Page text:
Kiki Patsch

Assistant Professor of Environmental Science & Resource Management (ESRM) Kiki Patsch and her students hit the beaches and harness technology in an effort to study and preserve coastal environments.

What drew you to ESRM?

I grew up on Hilton Head Island, South Carolina, and always had an interest in the sandy beach environment. Watching the relentless power of the ocean shape the shoreline intrigued me, and once I realized that studying the shifting sands of the beach was a career option, I was sold! I have a professor from University of Virginia to thank for guiding me down the path of coastal geology and hazards, and also for giving me the confidence to pursue my Ph.D. I thrive in a university setting, so the idea of being a professor was a natural draw.

Why do you consider this to be a good major?

ESRM is one of the most interdisciplinary programs at CI. We deal with complicated, societally relevant environmental issues in every class, from oil spills and protected lands to microplastics, coastal access and using Unmanned Aerial Vehicles (UAVs) to monitor coastal change. We teach field methods, concentrate on writing and communication, and graduate well-rounded students prepared for a variety of careers.

Describe an interesting assignment or project that your students might experience.

In ESRM 328, Introduction to GIS, I take my students out to Santa Rosa Island to gather data to incorporate into geographic information systems. The project builds a sense of camaraderie among the students and also teaches them how to gather GPS data in the field and how to use that data to create effective maps.

Please share something others might find interesting about you.

My path to where I am now definitely was not straight. I started out my undergraduate career at University of Virginia as a psychology major and by my second year had changed my major multiple times. At one time or another, I was set on philosophy, anthropology, women’s studies, and film and photography. I loved learning; each class I took opened my eyes to new career paths. Once I took a class called Beaches, Coasts and Rivers, my fate was sealed as an enthusiastic environmental science major. I went straight for my Ph.D. right after undergrad because I knew I wanted to teach at the college level.

During graduate school, I had my first baby and my path changed a bit. I ended up having four kids over eight years and loved being a mom more than I ever thought I would. I stayed home with my kids for 10 years while they were babies, but never lost sight of my dream of researching coastal geomorphology, teaching college, and inspiring students the way that one professor inspired me in my first coastal class. I worked during my children’s naps and at night on research projects, accepted lecturer positions that worked with my kids’ schedules, and tried the best way I knew how to stay in the game while also being the mom I wanted to be for my family. This is not the traditional path into academia. I had more than one person tell me it was time to give up on my dream and try to do something else. I wouldn’t let it go; I just couldn’t! Thankfully, CI saw my potential and viewed my large family as a pro and not a con. I love what I do, and I’m happy to have landed in the perfect program at a university that encourages me to push the limits of research and education. The moral of that story is to never give up on your dreams. You are in charge of your own destiny, and your life is what you make of it.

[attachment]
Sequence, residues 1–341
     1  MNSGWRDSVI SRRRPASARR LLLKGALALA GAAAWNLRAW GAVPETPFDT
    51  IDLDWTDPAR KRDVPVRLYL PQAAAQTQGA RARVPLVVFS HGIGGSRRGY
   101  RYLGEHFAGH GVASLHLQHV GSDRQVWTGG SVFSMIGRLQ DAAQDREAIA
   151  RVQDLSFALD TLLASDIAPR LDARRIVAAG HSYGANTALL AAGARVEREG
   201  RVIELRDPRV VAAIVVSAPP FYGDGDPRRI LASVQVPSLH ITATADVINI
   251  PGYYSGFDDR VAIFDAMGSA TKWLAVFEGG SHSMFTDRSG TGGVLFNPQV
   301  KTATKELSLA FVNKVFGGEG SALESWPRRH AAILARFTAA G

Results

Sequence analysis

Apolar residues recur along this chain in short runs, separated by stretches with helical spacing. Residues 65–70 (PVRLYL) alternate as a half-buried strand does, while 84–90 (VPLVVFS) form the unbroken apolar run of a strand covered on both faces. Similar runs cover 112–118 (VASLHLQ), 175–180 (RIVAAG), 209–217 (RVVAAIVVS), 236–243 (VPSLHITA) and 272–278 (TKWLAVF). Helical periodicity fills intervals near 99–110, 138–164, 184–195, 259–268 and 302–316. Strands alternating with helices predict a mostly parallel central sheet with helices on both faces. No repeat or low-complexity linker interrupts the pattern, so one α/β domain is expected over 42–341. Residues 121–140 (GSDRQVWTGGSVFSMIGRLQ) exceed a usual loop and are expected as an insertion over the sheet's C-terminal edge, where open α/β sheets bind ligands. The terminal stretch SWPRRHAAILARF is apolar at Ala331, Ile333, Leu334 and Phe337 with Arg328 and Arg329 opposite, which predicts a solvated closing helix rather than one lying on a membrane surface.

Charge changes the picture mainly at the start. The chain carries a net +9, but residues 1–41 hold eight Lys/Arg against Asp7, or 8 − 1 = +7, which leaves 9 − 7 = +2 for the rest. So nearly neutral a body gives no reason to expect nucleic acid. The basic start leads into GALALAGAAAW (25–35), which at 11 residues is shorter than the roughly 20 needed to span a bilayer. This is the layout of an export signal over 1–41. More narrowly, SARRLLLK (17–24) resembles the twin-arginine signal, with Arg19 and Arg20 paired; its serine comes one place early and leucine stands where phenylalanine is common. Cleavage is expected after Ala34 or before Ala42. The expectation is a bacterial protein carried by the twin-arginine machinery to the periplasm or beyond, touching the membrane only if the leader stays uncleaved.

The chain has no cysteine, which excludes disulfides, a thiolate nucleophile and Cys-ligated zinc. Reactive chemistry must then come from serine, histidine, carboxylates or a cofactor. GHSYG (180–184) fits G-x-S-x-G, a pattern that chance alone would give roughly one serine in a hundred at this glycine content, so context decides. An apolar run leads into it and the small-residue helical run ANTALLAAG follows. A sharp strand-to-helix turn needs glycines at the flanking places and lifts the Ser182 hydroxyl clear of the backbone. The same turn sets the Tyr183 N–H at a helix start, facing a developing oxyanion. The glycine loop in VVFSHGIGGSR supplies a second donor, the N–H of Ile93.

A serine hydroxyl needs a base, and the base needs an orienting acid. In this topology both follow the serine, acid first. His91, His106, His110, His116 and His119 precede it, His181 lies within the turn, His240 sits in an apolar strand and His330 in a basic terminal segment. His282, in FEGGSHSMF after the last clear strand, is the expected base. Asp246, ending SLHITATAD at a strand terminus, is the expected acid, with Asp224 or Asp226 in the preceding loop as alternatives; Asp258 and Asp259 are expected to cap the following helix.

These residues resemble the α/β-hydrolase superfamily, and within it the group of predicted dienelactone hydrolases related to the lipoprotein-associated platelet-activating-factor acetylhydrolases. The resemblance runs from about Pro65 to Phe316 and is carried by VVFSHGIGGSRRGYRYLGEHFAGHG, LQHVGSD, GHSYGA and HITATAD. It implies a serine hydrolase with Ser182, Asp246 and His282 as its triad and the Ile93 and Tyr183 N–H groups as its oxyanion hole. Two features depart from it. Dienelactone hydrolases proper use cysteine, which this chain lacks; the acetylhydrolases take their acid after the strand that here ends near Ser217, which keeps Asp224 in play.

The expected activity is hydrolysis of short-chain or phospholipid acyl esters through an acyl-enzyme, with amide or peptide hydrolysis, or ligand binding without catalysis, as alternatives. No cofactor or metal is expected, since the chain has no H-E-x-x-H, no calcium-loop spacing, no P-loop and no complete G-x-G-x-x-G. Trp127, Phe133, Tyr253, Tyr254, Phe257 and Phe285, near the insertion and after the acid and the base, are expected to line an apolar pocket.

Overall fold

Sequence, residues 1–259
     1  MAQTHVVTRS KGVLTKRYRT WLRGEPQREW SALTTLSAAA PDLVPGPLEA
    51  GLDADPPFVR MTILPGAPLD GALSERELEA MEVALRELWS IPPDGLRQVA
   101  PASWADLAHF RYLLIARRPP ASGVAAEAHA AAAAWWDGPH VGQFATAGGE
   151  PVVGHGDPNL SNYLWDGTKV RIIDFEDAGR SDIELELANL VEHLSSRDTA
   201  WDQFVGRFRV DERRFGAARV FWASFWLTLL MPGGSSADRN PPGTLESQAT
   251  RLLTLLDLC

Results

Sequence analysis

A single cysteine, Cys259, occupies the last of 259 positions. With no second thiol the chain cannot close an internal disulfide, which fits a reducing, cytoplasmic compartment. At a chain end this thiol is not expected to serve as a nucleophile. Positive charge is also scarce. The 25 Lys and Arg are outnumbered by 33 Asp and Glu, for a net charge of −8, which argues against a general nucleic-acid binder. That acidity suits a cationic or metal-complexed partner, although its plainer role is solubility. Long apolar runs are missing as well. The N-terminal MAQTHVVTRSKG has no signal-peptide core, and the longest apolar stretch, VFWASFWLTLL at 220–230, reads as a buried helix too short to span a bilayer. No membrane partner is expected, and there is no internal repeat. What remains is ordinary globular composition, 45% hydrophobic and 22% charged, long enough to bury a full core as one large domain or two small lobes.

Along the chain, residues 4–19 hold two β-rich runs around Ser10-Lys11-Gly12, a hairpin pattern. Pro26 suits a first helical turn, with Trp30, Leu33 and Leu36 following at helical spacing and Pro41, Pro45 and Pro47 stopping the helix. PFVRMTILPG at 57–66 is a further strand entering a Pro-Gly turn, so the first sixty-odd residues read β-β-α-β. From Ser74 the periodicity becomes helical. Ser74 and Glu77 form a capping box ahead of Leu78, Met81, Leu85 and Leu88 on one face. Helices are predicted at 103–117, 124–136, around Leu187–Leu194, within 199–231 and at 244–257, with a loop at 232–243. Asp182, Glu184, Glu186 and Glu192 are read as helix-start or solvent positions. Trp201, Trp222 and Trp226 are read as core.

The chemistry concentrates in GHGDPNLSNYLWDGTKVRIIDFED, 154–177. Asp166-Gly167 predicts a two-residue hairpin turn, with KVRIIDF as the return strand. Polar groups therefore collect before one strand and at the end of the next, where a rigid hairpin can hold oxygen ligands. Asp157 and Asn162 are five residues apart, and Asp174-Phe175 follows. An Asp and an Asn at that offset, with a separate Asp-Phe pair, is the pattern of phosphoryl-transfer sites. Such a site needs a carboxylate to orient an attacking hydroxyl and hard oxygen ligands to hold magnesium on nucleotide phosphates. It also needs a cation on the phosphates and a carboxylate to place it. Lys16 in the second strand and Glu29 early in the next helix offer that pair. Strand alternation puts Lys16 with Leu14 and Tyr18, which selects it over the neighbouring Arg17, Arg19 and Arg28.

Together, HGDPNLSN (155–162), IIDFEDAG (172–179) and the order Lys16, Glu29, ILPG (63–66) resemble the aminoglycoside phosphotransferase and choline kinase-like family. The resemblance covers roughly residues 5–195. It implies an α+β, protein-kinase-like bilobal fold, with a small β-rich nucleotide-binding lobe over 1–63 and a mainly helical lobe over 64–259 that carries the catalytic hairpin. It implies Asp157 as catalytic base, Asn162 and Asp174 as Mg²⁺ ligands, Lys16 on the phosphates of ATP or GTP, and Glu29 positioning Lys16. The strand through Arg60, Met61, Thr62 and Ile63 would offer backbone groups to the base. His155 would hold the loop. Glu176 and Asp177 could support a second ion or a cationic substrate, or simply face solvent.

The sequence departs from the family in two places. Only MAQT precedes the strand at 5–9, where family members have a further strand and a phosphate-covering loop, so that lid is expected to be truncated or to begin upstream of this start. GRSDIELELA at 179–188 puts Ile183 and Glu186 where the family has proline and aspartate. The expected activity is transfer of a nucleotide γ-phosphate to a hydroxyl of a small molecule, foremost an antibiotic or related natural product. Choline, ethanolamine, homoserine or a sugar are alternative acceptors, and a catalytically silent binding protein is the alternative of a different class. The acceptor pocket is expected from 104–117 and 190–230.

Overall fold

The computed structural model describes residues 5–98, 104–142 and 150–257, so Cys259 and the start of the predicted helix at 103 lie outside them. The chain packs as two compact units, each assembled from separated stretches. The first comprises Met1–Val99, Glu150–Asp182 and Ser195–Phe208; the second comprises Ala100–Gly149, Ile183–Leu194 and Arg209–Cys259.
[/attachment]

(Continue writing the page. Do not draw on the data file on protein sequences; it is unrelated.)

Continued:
What have been the proudest moments/accomplishments of your CI career?

One of my proudest moments was seeing a GIS map made by one of my students showcased at a conference in front of 15,000 attendees this past June. It was such an unexpected, pleasant surprise that I nearly fell off my chair when I saw it!

What is your favorite course to teach and why?

This semester I’m excited to teach ESRM 210, Physical Oceanography. I love explaining the science behind ocean processes to students who live near the beach but have never understood the processes at work along the beach and in the ocean as a whole. Students can go to the beach with an entirely new lens of understanding and intrigue – mentally calculating the speed of waves, understanding why the width of the beach is what it is, or looking down and seeing the individual grains of sand as separate minerals with their own grain size and shape. The beach and the ocean suddenly become this dynamic, complicated, integrated environment that is far more fascinating that they initially thought. It is a truly eye-opening course for many students. Plus, there is a field trip to the beach, and who doesn’t love that?

How do you involve students in your research?

Students are involved in all of my research. They help build my UAV, monitor coastal change using UAVs and LiDAR (Light Detection and Ranging), and come out to Santa Rosa Island to monitor sea cliff erosion and develop sediment budgets. We are building a GIS database in conjunction with Channel Islands National Park, and helping to provide science that will influence policy.

In ESRM 100, Introduction to Environmental Science, students are expected to volunteer for 12 hours during the semester to see how one person can really make a difference in their environment, both in a negative and positive way. Realizing the connection between humans and then environment and thinking about those connections in our daily lives enables students to leave CI as informed and educated citizens who will have the tools to remain lifelong learners. Our connection to the environment does not end after college, and I hope that my students will remember what they learn in our classes throughout their lives and, hopefully, it will influence how they vote, how they interpret or question what they see in the media, and how they make choices in their everyday lives.

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